Thursday, September 09, 2010

Club 500 hull

Hull MarkingThe first job on the Club 500 boat is to trim the top and bottom of the hull and then join them together. According to the instructions I have to trim the lower part between 3 and 15mm from the top. For the life of me I couldn't work out how to mark this accurately, there are no straight lines to work with, the lump of plastic is half a metre long and slippery.

In the end after half an hours messing around with masking tape, I gave in. Looking at the top, the overlap was huge so maybe the bottom didn't need to be either hugely accurate or particularly neat. Looking at the two with the aid of a nice big mug of tea, it seemed that if the top was parallel to a bulge that runs around the hull (there will be a technical term to describe it but I don't know what it is) then that should work OK.

The only pen I could find that would work on the surface plastic film was a chisel tip permanent marker. A bit of digging around on the bench turned up a screwdriver, which when taped to the pen gave me a suitable separation. The line around the hull was wobbly but with some scissors I managed to cut along it reasonable straight.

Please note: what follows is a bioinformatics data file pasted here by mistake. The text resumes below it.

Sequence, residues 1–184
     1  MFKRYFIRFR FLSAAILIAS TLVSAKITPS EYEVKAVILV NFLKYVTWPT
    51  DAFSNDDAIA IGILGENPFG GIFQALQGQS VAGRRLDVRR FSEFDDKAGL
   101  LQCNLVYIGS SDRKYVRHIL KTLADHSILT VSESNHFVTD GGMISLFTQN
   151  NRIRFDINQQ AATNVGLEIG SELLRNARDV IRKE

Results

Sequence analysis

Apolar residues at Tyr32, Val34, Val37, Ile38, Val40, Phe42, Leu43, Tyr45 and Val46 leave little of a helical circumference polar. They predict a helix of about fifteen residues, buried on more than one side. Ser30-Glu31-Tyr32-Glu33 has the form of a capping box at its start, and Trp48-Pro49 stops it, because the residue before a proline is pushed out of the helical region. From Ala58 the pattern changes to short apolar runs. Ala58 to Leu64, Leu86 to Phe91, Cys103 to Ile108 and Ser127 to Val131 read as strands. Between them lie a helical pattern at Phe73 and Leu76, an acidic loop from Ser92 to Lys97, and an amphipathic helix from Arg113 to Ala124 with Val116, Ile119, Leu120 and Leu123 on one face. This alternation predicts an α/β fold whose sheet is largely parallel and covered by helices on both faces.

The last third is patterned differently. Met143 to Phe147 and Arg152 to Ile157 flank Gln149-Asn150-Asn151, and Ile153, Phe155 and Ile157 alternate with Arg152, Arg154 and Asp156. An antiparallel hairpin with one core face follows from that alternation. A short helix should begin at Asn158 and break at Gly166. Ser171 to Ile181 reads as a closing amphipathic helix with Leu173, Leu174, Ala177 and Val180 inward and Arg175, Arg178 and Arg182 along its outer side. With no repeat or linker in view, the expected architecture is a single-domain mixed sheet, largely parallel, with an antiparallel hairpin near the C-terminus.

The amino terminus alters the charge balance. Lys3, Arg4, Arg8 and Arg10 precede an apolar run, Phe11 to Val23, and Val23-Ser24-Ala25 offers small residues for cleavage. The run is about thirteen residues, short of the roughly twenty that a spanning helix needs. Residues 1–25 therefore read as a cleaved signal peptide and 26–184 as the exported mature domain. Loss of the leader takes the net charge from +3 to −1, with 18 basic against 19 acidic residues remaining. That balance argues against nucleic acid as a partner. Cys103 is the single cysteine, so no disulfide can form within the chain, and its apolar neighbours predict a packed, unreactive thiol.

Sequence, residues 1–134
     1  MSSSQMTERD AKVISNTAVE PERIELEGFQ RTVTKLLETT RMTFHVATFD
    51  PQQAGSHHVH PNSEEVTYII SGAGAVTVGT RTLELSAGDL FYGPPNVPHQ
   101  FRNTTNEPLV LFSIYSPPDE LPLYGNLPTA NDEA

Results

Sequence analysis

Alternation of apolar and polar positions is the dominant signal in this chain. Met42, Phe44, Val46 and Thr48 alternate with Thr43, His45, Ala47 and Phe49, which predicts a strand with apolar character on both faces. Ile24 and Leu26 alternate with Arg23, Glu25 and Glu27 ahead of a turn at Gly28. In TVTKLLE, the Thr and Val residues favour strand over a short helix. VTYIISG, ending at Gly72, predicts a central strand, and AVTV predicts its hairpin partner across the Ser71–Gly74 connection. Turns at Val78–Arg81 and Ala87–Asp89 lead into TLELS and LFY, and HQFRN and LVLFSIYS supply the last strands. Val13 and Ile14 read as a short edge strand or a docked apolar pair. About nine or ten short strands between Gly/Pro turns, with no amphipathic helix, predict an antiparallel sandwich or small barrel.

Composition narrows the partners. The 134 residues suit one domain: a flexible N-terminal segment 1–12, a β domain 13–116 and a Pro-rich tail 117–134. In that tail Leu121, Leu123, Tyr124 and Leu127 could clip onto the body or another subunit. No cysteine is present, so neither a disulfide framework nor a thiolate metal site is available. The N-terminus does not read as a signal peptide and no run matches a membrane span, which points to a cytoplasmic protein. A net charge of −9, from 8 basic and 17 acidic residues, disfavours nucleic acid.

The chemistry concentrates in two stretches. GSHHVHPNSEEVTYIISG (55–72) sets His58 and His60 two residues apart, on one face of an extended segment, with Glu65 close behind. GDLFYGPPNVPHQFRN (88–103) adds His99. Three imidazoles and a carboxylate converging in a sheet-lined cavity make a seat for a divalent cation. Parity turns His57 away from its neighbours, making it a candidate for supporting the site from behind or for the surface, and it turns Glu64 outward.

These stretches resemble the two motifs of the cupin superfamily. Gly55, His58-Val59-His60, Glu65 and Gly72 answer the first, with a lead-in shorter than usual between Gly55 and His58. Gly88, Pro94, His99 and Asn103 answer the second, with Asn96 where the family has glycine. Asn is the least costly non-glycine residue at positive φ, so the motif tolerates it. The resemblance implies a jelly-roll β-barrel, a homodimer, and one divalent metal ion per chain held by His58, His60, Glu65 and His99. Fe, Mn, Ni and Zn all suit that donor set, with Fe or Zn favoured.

Hull jointTo fix the upper and lower sections the instructions suggest Araldite. I've been reading the reviews reproduced on the Model Slipway website and one of these helpfully suggests that epoxy glue will result in a firm but brittle ring. This makes sense to me and I can see why it's a bad idea - one racing "incident" and the joint will develop cracks that will let in water. We have a similar problem with the Slingshots which can leak around this seam after a while.

So I took the two parts into the garage, turned the unit on it's back and filled the gap with shower sealant left over from some DIY. This should remain flexible forever and keep the water out. It's a bit like icing a cake with something  smelly but the join seems good and strong.

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